As a special education teacher, I taught in a self-contained special education classroom for thirteen years. Nearly every day, I wished I didn't have to.
It wasn't because I hated my job; I loved it. It also wasn't because I didn't feel supported. For the most part, the three elementary schools that I had the pleasure of working with were loving, accepting places that invested time, energy, and resources in making me a better educator.
Despite the work that we did for our students, there was something in the back of my mind, like an itch that I couldn't scratch. I knew then and know now that non-inclusive classrooms rarely provide the support that is necessary for students with disabilities to achieve the promised outcomes.
The least restrictive environment (LRE) is a legal term in the Individuals with Disabilities Education Act (IDEA) which states the following: "To the maximum extent appropriate, children with disabilities, including children in public or private institutions or other care facilities, are educated with children who are nondisabled; and special classes, separate schooling, or other removal of children with disabilities from the regular educational environment occurs only if the nature or severity of the disability is such that education in regular classes with the use of supplementary aids and services cannot be achieved satisfactorily."
That mouthful boils down into two main ideas:
Under LRE, general education is the first consideration for educating a student with disabilities before moving to more restrictive options.
If you are a parent of a child with a disability, and you have sat in an Individualized Education Program (IEP) meeting, then you know how easy it can be for teams to blow by the placement discussion without a robust debate about whether the general education setting is appropriate. For students who have more significant disabilities, LRE is seldom ever discussed seriously because of the "nature and severity" of disability doesn't lend itself to making any changes other than the most restrictive setting.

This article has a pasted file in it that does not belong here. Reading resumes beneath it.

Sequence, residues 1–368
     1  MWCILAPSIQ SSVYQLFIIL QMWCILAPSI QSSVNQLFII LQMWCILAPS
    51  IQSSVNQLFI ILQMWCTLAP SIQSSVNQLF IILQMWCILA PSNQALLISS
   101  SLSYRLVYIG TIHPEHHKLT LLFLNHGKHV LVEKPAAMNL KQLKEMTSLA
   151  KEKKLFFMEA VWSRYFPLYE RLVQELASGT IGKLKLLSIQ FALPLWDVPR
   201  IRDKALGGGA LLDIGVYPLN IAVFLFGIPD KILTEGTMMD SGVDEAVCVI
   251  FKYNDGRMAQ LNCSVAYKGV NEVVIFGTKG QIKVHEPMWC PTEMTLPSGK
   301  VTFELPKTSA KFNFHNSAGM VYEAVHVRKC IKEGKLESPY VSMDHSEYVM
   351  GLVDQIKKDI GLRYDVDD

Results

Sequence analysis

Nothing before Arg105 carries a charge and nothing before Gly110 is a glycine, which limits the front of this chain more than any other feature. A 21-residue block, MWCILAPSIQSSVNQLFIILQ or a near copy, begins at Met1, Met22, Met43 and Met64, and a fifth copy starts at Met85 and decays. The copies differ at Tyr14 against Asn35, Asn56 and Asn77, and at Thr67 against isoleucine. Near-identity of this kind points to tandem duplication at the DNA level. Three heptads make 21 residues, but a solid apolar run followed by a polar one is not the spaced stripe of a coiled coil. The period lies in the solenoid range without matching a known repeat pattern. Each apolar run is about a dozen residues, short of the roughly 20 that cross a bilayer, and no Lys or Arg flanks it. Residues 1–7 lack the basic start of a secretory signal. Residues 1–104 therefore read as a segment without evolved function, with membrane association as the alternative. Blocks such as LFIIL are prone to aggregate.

But what if we were to challenge this assumption that we couldn't serve students with more significant disabilities in less restrictive settings?
The reason why they continue to manifest themselves in school districts across the United States is that families do not know to ask or expect anything different. For students who have intellectual and multiple disabilities in the lower grades (K-2), it is not an unreasonable expectation for families to advocate for an opportunity to interact and learn in a setting with their nondisabled peers. The standards are not so rigorous that the curriculum needs to be modified significantly. While harder for older students, it is certainly not impossible to modify the curriculum for grades 3-8 and even beyond.
According to the most recent data, students with intellectual disabilities and multiple disabilities participate in general education classes at 17 percent and 13 percent, respectively. That is far below the gold standard of 80 percent that inclusionists advocate.
What is disturbing to me is that despite the low averages for students with significant disabilities, the percentage of students with any disability in the general education classroom 80 percent or more of the time ranged from 37 percent in Hawaii to 83 percent in Alabama. The difference between states is more than 40 percentage points!